NFL headquarters delights when offensive numbers are high. After all, in all sports offense sells.
The 2003 season hasn't been any different. Thanks in part to defenses using more Cover Two zones, running backs have had exceptional years, gashing defenders waiting to react to the pass. There have been 133 100-yard rushing game, 10 shy of the 1998 record of 143. The NFL record of four 1,500-yard runners is already tied, and three more backs -- Stephen Davis, LaDainian Tomlinson and Priest Holmes are within reach, each having more than 1,300 yards with two games left.
The high rushing numbers prompted an interesting discussion around the ESPN.com office the other day. Does a 1,000-yard eason mean anything in today's NFL?
Twenty-five years ago, the NFL expanded the schedule from 14 to 16 games, a natural progression because of expansion through the 1970 and a demand for more game for a sports that was on fire for popularity.
Twenty five years may not seem like an eternity because the Baby Boomer generation -- myself included -- watched this transformation. It was a time of great rivalries, great defense and simplistic football. The Steelers ruled the decade, but the Raiders, Dolphins and Houston Oilers challenged. Quarterbacks called their own plays. The West Coast offense was only in the mind of Bill Walsh. Complex nickel packages and zone blitzes weren't on the defensive agenda.
If this season were put back in the time machine and sent back 25 years, the season would be over. The Dolphins and Broncos wouldn't have the chance to battle for the AFC's final wild-card spot. The Packers and Vikings wouldn't have the uneasiness of wondering who wins the NFC North. Baltimore and Cincinnati fans wouldn't enjoy the final two weeks of thrills of their potential playoff seasons in the AFC North.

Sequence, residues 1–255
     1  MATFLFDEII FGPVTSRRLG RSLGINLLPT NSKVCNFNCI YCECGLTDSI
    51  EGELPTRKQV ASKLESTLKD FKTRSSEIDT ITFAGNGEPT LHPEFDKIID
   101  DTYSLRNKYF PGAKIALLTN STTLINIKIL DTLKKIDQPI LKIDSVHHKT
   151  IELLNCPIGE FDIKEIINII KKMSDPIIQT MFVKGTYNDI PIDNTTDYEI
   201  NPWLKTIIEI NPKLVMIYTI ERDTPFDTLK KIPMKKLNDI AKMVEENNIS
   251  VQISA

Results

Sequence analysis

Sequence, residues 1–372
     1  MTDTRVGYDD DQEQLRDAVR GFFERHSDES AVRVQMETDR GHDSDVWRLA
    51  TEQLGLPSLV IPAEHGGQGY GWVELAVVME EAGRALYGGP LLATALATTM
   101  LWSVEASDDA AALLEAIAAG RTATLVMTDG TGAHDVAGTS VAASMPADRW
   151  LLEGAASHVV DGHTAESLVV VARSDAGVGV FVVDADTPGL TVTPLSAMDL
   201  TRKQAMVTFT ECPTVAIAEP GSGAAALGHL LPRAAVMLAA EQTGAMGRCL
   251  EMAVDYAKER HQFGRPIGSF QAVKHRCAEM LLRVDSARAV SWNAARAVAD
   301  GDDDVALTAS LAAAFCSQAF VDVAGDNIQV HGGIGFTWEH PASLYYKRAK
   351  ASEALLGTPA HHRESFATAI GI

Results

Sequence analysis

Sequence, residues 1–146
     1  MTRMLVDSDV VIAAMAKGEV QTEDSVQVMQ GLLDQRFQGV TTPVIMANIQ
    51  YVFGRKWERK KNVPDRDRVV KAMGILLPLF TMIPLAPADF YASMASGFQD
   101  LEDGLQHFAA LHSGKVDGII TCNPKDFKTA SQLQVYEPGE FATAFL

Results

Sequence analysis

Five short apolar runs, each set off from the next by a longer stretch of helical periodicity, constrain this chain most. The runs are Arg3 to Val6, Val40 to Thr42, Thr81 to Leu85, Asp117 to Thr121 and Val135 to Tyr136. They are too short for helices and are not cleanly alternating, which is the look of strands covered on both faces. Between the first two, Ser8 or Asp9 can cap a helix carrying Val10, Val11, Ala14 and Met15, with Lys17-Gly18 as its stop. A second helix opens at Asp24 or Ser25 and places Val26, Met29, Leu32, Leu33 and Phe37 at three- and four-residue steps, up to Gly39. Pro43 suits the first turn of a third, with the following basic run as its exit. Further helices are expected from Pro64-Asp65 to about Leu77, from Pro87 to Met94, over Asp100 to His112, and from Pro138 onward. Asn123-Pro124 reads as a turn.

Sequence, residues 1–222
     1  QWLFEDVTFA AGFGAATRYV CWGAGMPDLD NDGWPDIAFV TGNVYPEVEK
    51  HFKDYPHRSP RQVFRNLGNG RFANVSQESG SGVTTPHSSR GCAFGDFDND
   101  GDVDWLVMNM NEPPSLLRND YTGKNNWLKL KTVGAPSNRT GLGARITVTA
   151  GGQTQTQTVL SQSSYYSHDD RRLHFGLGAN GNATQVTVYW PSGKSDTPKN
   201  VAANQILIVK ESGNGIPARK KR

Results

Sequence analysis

Worse, there would no wild-card weekend or bye weeks. Three division winners in each conference would be preparing for the playoffs. Only one wild-card would be earned per conference. In the two weeks it takes to conclude the 2003 regular season, the old NFL would be producing two Super Bowl teams. Not enough.
Where the NFL is fortunate is that it's unprecedented growth into being America's most popular sport has been a natural progression. The merger of the AFL and NFL in 1970 ended a turbulent 1960s of feuding between the two leagues. Great teams emerged in the new AFC in the early 1970s to make the transition seem right.
The beauty of expanding to 16 games in 1978 seemed to be brilliant for a different reason. In 1978, the NFL changed the rules to open up offensive production. Cornerbacks were no longer able to mug receivers downfield. A seventh official was added. Instant replay was being studied. The NFL was growing up.
But the downside to increasing the schedule by 12.5 percent is the stats. Excellence in the 1970s and before became harder to compare with two more games on the schedule. This has to be remembered in future discussions to shorten the preseason and expand the regular season to 18 games.